Keith Lamont Scott's family: "More questions than answers" in Charlotte police shooting

Source: AP
Source: AP

Keith Lamont Scott's grieving relatives say "they have more questions than answers" after viewing two police body camera videos that show the moment the 43-year-old man was shot and killed by police in Charlotte, North Carolina.

Law enforcement authorities have said Charlotte-Mecklenburg Police Department officers justifiably opened fire on Scott because he was armed and failed to obey their commands to drop his weapon.  

But in a statement attorneys for Scott's kin released to reporters on Thursday evening, the family said it was "impossible to discern" from the footage what Scott was holding before he was gunned down.

"It was incredibly difficult for members of the Scott family to view these videos, but as a matter of greater good and transparency the Scott family asks that the Charlotte-Mecklenburg Police Department publicly [and] immediately release both of the videos they watched today," said the statement tweeted by WCNC-TV.

Scott's death, which sparked protests and violent civil unrest in the city for two consecutive days, was caught on the body cameras of officers who encountered him on Tuesday as they were executing an arrest warrant for someone else.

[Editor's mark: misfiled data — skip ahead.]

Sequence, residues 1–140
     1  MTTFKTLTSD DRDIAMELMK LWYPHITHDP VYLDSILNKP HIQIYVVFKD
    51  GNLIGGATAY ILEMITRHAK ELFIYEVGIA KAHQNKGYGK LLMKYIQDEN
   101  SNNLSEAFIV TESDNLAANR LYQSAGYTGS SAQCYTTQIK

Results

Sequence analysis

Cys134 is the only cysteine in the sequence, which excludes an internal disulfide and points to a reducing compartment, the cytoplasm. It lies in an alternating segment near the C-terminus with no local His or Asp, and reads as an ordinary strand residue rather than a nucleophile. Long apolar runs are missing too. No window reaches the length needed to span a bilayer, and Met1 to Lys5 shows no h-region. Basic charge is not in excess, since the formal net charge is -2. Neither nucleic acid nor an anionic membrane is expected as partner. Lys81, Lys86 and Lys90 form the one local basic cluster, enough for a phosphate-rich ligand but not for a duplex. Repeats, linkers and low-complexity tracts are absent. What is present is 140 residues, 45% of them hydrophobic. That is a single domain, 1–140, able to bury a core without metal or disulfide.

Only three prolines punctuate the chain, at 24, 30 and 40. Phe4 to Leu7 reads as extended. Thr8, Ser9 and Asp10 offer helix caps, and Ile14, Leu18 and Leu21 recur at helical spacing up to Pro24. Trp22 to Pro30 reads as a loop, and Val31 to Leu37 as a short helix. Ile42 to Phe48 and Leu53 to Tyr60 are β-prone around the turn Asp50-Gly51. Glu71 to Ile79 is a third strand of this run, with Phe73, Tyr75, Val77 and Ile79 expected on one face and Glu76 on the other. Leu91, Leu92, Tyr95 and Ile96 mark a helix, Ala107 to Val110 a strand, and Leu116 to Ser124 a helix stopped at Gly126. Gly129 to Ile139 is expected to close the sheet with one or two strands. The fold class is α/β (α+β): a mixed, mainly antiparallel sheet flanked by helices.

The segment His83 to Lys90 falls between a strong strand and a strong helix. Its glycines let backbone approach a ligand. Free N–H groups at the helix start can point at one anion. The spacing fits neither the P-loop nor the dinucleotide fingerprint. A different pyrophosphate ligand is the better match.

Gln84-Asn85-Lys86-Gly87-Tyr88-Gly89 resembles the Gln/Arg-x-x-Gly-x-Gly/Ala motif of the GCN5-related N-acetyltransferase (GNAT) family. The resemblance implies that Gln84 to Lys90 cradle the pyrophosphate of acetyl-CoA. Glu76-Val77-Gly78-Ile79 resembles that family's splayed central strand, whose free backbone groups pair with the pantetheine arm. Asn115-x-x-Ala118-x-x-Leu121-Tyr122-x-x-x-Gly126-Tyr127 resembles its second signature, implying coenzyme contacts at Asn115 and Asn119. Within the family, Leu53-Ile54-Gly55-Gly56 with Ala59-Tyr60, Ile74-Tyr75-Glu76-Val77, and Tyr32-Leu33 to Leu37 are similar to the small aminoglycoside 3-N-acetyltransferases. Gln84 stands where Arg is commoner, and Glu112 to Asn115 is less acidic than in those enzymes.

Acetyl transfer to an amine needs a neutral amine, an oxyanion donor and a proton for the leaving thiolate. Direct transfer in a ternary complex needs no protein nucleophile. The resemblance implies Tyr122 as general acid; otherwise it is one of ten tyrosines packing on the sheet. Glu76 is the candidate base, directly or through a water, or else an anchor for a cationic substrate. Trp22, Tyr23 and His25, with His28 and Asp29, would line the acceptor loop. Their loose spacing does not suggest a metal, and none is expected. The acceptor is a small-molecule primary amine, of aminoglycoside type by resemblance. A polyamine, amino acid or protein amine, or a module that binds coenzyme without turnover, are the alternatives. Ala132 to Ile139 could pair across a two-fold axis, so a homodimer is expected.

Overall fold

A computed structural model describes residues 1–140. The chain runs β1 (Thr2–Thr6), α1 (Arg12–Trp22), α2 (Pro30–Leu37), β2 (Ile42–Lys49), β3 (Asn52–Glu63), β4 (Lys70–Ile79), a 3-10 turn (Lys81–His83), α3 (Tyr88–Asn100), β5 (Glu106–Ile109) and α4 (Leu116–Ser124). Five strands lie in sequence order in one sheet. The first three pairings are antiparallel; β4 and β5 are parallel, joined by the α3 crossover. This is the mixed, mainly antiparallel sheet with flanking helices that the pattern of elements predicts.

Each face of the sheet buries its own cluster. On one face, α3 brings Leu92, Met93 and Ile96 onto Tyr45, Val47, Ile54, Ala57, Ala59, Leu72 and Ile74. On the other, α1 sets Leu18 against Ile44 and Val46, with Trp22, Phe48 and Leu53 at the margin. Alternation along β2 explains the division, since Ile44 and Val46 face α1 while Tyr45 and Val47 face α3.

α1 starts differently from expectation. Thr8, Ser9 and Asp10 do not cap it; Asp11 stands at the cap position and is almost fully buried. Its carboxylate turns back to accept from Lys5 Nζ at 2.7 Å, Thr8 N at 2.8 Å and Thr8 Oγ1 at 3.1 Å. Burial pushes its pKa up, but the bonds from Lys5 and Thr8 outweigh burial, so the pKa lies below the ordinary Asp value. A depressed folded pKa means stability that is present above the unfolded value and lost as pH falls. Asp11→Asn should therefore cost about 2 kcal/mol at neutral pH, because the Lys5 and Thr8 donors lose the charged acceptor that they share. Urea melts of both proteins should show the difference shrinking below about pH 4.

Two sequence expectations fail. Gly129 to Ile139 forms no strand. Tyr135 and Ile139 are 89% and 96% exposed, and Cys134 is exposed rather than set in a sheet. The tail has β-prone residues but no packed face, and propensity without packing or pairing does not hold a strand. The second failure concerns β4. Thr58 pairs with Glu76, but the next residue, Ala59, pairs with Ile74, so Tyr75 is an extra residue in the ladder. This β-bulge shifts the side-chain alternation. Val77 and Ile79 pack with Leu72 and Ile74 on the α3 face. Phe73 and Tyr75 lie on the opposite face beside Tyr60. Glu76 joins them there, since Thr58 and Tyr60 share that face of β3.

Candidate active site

Officer Brentley Vinson, who was identified as the person who shot Scott, was in plainclothes and was not wearing a body camera, local authorities have said.

Scott's family said in the statement the video shows him complying with officers' commands in a "very calm and non-aggressive manner," according to the statement. 

Police gave Scott other commands and he "did not aggressively approach them or raise his hands" at officers, the statement said.

Justin Bamberg, left, holds a press conference with other attorney representing the family of Keith Lamont Scott.
Source: 
Gerry Broome/AP

Ultimately, Scott's hands were at his sides and he was slowly walking backwards, when he was shot and killed, the family said in the statement.

Earlier Thursday, Scott family attorney Justin Bamberg held fast to his assertion Scott was holding a book, not a gun, during his fatal encounter with police.

"The family wants answers, the family deserves answers and we will continue to investigate until all of the accurate facts come to light," Bamberg said. 

"We can't talk about this incident in isolation; we have to look at the root of the problem."

But the public may never get to see what the Scott family saw: Police Chief Kerr Putney said Thursday, state law restricts release of the footage.

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Aaron Morrison

Aaron is a Senior Staff Writer for The Movement at Mic. He covers the intersection of race, justice, politics, diversity and civil rights. He has previously written for IB TImes, Miami Herald, The Bergen Record of New Jersey and the Associated Press. Send tips to aaron@mic.com.

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